BPD and anti-anxiety (benzo) abuse – a call for help
A few months ago a member of my Google Support List for Non-BP’s issued me a challenge. I have noticed that many people with BPD abuse prescription drugs, particularly anti-anxiety medication. Mainly the abuse seems to be of benzodiazepines (aka benzos) which include Xanax (generic alprazolam), Ativan (lorazepam), Klonopin (clonazepam), Valium (diazepam) and others (although those seem to be the most popular). I listened to a podcast by a psychiatrist who treats borderline patients. He says almost all of them eventually ask for Xanax.
Xanax has to be the absolute worst drug to treat BPD. Why?See the results of these (rather old) studies:
Gardner, D.L. & Cowdry, R.W.
Am. J. Psychiatry. 1985 – Alprazolam-induced dyscontrol in borderline personality disorder.
The short-acting benzodiazepine alprazolam has been associated with precipitating serious dyscontrol in one placebo-controlled crossover study of patients with BPD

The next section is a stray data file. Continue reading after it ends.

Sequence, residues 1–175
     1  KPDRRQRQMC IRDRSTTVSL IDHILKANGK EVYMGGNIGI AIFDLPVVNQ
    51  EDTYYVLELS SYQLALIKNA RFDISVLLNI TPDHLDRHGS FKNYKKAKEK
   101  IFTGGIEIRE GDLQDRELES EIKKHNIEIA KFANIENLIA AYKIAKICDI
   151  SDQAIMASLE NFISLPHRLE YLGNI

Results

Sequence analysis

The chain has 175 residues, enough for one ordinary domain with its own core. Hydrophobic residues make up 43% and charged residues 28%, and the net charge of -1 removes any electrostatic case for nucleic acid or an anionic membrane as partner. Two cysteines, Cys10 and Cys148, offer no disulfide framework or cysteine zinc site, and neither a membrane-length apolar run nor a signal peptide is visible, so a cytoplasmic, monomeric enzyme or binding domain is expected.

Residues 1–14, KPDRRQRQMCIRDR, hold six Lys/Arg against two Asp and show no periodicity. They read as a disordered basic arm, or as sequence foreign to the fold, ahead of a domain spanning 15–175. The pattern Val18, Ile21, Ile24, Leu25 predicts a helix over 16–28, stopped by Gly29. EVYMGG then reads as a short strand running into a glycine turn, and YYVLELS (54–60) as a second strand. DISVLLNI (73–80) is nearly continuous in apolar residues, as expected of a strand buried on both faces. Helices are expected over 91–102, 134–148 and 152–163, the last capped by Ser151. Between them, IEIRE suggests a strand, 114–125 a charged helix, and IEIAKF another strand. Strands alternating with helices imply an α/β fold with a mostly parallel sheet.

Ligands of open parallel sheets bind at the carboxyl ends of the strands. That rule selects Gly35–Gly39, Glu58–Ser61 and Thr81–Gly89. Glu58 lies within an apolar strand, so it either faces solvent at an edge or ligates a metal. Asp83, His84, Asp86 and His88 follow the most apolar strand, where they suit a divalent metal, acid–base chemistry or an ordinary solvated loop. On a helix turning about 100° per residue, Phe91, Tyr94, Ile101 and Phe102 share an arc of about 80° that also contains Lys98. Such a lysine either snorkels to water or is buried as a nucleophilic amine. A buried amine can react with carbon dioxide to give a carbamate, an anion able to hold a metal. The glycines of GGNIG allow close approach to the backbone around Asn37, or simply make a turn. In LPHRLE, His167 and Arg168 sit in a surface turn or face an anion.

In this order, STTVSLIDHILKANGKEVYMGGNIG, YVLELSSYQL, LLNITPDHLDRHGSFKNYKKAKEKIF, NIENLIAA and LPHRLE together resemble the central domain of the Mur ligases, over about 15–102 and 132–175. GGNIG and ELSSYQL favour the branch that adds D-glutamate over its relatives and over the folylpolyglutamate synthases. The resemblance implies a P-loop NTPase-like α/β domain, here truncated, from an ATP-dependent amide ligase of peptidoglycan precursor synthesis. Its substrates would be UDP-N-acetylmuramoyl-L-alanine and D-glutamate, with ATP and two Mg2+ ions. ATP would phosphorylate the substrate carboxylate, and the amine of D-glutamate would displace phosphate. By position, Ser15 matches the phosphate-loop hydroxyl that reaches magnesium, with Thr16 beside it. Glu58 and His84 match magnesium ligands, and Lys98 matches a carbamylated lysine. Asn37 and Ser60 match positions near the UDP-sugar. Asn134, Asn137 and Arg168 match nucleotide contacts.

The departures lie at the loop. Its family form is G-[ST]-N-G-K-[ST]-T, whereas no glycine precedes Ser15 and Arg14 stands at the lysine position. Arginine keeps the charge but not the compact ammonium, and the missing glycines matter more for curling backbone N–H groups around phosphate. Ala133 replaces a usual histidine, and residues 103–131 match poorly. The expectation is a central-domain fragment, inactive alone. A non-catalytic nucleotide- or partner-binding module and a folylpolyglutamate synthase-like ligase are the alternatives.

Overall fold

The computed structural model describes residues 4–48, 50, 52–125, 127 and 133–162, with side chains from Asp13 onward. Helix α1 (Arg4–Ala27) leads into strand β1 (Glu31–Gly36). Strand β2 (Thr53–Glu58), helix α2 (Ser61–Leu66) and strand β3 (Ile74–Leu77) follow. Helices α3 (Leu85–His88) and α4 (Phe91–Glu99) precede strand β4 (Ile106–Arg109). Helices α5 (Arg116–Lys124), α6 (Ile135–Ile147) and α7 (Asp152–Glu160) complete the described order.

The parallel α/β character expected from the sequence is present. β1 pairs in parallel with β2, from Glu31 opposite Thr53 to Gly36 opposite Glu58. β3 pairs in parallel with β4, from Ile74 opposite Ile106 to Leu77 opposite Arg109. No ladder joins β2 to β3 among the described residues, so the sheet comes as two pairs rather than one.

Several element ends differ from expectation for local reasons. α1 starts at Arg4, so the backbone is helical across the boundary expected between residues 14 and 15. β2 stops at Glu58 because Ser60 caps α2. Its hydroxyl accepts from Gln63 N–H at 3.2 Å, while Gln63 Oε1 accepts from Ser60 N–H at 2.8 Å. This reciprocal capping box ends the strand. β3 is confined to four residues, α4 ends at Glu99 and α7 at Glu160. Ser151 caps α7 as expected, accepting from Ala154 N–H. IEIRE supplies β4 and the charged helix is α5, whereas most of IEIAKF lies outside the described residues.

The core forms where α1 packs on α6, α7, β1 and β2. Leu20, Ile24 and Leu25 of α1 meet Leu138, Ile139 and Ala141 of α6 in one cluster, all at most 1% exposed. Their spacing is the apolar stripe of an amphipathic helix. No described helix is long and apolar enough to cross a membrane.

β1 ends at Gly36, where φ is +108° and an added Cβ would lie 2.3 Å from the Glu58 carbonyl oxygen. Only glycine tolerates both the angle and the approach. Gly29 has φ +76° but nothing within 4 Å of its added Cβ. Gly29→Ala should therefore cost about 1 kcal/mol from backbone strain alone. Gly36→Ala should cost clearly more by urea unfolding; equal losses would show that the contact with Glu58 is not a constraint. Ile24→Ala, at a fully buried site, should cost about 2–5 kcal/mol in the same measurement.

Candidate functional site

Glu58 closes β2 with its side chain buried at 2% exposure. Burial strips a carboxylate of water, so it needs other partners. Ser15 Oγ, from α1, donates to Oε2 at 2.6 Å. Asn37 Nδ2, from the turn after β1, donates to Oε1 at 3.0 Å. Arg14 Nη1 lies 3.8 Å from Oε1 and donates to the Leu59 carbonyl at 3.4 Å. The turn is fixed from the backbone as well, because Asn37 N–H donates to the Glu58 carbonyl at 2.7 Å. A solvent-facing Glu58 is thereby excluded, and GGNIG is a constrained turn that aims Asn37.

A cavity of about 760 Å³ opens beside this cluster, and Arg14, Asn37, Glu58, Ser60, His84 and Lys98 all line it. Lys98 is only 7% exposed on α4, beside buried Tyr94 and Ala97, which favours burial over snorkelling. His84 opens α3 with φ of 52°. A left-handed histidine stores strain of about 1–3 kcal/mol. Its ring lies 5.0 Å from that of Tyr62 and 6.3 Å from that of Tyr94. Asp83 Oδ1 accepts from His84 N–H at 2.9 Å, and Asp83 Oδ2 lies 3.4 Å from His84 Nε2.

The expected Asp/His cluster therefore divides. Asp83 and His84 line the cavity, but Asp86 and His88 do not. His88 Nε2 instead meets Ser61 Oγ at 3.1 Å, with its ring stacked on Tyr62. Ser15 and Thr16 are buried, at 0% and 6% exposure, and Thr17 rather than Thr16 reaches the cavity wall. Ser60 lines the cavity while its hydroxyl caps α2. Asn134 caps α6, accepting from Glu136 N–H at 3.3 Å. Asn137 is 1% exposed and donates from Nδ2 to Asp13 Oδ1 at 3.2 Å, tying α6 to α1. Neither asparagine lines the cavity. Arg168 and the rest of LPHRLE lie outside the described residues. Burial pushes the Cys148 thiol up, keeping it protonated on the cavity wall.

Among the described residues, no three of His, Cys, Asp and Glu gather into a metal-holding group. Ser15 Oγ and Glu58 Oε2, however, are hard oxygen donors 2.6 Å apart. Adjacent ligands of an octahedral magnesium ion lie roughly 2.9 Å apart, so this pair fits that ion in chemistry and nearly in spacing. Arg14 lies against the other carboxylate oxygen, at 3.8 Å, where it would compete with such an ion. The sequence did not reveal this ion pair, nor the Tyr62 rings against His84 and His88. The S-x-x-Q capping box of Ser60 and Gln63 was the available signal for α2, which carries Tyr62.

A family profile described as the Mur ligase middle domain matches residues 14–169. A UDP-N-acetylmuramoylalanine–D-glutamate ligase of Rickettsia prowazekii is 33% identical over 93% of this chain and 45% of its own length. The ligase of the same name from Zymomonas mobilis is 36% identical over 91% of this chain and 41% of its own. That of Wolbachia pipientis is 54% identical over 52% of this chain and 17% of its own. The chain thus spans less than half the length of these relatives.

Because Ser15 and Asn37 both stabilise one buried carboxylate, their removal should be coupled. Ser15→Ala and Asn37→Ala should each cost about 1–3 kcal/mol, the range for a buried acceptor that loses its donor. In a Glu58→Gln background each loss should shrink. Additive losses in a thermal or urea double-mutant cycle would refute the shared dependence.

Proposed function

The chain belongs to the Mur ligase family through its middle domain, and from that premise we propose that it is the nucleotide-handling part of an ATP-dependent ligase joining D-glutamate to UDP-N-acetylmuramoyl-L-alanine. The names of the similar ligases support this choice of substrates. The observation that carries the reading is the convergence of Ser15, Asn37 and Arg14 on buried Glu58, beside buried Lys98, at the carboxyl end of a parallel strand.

The authors suggest that caution be used in prescribing alprazolam to patients with similar histories.
Alprazolam (benzodiazepine) / carbamazepine and trifluoperazine and tranylcypromine.
Cowdry RW, Gardner DL. – Intramural Research Program, National Institute of Mental Health, Bethesda
Arch Gen Psychiatry. 1988 – Pharmacotherapy of borderline personality disorder. Alprazolam, carbamazepine, trifluoperazine, and tranylcypromine.
Physicians rated patients as significantly improved relative to placebo while receiving tranylcypromine and carbamazepine. Patients rated themselves as significantly improved relative to placebo only while receiving tranylcypromine. Patients who tolerated a full trial of trifluoperazine showed improvement, those receiving carbamazepine demonstrated a marked decrease in the severity of behavioral dyscontrol, and those receiving alprazolam had an increase in the severity of the episodes of serious dyscontrol